• The United Nations, Inter-American Commission on Human Rights, and the African Union’s Commission on Human and People’s Rights collectively approved the European Union’s policy to protect human rights defenders, and encouraged other countries to do the same. (2004)
  • Taiwan – A demonstration was held to promote democracy as opposed to the single party regime already in place. Subsequent arrests and prosecutions of opposing politicians did not stop the incident from influencing political reform. (1979)
  • In 2008, the Secretary General of the United Nations was responsible for a year-long campaign to promote awareness and support for the idea of a universal recognition of human rights. The campaign concluded on December 10, 2008.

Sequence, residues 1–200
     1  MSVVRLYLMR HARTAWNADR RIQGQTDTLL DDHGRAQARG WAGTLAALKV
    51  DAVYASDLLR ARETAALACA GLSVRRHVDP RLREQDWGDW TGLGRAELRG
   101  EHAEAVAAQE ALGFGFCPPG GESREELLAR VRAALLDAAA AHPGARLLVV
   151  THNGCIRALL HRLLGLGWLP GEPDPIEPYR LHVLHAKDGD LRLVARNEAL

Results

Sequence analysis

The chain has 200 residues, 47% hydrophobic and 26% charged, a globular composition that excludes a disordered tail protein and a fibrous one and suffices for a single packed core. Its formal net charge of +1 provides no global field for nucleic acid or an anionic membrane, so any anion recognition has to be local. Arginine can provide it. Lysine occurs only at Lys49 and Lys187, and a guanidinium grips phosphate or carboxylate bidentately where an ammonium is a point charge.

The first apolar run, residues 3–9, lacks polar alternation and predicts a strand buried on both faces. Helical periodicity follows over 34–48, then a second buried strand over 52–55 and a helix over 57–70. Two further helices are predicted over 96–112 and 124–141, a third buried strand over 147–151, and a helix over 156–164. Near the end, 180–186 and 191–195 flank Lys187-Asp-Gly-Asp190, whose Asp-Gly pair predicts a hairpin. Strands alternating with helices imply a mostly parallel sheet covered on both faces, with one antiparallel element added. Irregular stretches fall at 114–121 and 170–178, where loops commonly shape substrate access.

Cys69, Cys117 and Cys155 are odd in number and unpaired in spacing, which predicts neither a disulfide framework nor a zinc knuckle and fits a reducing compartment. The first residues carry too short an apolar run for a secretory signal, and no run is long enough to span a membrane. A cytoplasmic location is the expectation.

• Argentina – Following an example set by President Raul Alfonsin, the country’s presidential inaugurations are held on December 10 to celebrate the end of a military dictatorship. (1983)
  • The United States – When Proposition 8 passed and renewed the ban on gay marriage and restricted heterosexual marriage, Human Rights Day was used to protest inequality. (2008)
  • An established universal theme seemed to focus on how technology affects the human rights defender. (2011)
  • Augusto Pinochet, human rights violator and former dictator of Chile, died on December 10, 2006. This fact is taken and used by some as a sign for the prosperity of the campaign for human rights.

Other Celebrated Dates